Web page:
Meanwhile, Armando Branchini, secretary-general of the Altamgama Foundation, said, “There's no doubt competition is global.”

But he added that Italy couldn't blame countries like China for the local jewellery industry's prolonged crisis. He pointed out that production costs have increased dramatically in China and that it is no longer purely the domain of cheap jewellery products. “The cost of space in Shanghai is the same as that in Milan. The idea that Chinese production is cheap is an idea of the past.”

He believes that the Italian jewellery industry needs to focus on the trends of consumers – particularly the new digital generation - “because this is the real challenge”. “If [Italian] companies don't make new patterns, they won't survive,” he added.

The increasing importance of social media was discussed at the event too. Andrea Morante, chief executive of Italian jewellery brand Pomellato, admitted that jewellers were coming to the medium of the internet at a “later stage” than some other sectors, but told attendees how successful Facebook could be as a means of developing a community and interacting with consumers.

A new face for Vicenzaoro

Fair organisers plan to transform the Vicenza fair over the next five years through expansion, improvements to local infrastructure and an overhaul of the fair's content.

Going hand in hand with the development of the Made in Italy concept, Ditri said, “Fiera di Vicenza will revitalise the global value of Italian jewellery by redefining its core DNA and communicating on its excellence”.   


“We want to redefine completely and change completely,” he explained.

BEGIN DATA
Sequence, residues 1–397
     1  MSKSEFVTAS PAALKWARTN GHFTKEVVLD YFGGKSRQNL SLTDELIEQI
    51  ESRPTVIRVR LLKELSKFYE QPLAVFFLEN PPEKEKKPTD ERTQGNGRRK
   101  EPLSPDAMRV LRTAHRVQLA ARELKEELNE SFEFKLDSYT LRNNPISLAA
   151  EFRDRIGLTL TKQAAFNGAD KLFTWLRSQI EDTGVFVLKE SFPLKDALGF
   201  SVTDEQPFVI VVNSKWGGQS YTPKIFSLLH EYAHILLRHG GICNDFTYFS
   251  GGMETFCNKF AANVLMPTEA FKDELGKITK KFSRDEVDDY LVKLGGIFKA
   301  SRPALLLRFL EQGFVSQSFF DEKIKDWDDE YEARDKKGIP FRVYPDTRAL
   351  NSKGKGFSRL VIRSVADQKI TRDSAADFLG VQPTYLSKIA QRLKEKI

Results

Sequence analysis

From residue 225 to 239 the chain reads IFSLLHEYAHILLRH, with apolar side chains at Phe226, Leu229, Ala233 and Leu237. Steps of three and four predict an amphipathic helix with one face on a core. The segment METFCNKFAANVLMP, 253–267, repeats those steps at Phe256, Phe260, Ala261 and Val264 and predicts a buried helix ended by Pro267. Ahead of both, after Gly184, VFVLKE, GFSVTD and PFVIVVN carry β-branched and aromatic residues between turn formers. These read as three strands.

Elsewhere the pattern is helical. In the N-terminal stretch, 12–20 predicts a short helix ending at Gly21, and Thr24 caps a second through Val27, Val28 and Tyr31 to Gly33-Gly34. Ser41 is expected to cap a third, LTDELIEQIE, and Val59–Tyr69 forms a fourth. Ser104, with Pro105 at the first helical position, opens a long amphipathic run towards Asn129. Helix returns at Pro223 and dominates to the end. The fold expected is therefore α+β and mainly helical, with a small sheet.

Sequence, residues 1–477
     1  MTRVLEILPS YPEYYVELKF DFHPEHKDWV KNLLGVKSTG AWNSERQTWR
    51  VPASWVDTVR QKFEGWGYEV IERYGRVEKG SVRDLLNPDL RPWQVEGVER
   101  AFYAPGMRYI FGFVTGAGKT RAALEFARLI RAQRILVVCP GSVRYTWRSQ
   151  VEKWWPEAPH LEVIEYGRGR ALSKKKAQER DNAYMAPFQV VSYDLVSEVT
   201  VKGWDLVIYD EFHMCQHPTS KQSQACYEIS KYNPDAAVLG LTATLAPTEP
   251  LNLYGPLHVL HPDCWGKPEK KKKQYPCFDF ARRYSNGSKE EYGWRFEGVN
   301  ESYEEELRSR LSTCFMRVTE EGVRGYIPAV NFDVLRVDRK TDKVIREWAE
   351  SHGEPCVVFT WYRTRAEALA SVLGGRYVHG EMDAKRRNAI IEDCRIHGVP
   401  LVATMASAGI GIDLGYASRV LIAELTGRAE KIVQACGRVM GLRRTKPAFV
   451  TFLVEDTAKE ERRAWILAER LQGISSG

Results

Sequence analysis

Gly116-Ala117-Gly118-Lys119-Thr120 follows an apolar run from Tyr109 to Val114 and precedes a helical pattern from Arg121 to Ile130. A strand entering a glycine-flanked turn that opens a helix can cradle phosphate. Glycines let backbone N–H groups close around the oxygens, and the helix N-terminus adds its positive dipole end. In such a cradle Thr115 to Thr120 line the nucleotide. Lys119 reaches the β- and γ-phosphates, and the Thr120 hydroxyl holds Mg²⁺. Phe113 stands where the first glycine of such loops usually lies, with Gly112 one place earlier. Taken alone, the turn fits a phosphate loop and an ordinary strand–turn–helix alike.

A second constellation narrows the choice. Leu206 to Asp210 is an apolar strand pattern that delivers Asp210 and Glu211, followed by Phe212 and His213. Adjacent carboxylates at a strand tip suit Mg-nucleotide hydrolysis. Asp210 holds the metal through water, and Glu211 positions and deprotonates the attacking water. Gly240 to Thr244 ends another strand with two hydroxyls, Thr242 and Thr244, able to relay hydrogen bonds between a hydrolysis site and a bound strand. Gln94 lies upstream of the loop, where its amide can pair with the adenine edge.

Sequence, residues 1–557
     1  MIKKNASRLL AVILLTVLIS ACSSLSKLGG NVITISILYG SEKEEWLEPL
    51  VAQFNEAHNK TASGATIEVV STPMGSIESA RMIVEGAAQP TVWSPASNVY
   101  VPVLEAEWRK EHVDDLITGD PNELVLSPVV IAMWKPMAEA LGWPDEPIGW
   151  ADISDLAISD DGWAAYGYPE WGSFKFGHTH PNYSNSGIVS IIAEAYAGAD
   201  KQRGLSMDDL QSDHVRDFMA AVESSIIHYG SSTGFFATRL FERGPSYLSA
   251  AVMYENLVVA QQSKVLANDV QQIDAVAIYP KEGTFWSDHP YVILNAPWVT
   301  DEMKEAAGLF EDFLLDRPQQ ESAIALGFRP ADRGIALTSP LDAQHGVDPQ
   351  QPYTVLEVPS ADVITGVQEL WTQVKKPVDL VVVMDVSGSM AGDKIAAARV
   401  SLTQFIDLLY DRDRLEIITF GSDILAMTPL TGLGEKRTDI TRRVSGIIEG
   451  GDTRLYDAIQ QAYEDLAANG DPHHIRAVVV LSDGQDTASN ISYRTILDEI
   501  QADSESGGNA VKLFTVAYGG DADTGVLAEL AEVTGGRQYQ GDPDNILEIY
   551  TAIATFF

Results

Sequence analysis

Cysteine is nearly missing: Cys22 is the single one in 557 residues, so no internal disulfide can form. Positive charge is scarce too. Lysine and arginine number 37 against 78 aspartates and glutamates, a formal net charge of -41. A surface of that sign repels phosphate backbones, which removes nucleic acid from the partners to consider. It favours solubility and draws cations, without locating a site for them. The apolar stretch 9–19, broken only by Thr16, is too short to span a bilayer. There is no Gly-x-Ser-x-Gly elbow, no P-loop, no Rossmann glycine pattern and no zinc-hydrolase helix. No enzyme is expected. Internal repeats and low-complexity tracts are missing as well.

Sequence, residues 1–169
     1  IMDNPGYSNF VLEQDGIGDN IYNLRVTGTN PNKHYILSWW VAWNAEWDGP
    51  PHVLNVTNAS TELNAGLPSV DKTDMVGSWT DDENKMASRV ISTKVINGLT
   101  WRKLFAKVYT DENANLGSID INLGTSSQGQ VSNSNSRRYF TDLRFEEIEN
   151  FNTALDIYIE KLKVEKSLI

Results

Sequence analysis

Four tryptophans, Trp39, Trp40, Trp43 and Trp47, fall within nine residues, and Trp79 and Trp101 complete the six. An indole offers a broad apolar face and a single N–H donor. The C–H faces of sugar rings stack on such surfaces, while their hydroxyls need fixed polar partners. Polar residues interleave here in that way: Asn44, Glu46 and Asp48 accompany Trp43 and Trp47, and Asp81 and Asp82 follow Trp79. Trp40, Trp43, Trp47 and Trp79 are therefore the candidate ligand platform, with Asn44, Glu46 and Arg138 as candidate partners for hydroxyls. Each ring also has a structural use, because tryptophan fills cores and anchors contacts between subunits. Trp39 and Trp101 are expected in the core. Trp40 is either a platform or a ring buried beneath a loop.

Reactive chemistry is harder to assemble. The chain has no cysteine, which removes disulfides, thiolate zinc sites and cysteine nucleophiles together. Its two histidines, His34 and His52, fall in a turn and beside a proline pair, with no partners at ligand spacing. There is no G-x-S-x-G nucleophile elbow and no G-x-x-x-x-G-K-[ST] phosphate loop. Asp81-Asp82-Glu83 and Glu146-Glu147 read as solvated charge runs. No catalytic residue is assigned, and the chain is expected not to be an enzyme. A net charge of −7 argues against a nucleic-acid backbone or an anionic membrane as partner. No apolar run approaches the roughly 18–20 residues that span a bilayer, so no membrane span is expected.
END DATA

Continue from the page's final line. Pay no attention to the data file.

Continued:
Changes will focus on two key areas: infrastructure and content. Construction work is due to start next month on expansion plans that will increase the floor space from 60,000 sq m to 75,000 sq m. The new space is set to be completed by spring 2013 and will include a seven-storey car park, a new hall and modifications to the existing space in the aim of creating a more flexible, quality venue.

Ditri admitted that a chronic shortage of hotel accommodation in the local area is an issue, and said a high speed train link and station close to the event is being considered, in order to bring attendees to the fair from further afield.

In terms of content, Ditri explained that Vicenzaoro has four key targets: to become a “knowledge broker” for the industry; a “platform for innovation”; “space for relations” and a “synthesis of excellence”.

Support for young designers, educational exchanges and a focus on emerging markets were highlighted as key components of the fair's new strategic plans.

The show also intends to overhaul its internet presence, establish a new magazine as well as a jewellery museum in the town of Vicenza, found a creative laboratory and launch international prizes and competitions for design, production, communication and distribution.

“There's a lot of work here. This cannot be done overnight,” Ditri admitted.

More reading:

Challenges face 'Made in Italy' branding

Italian jewellery exports recovering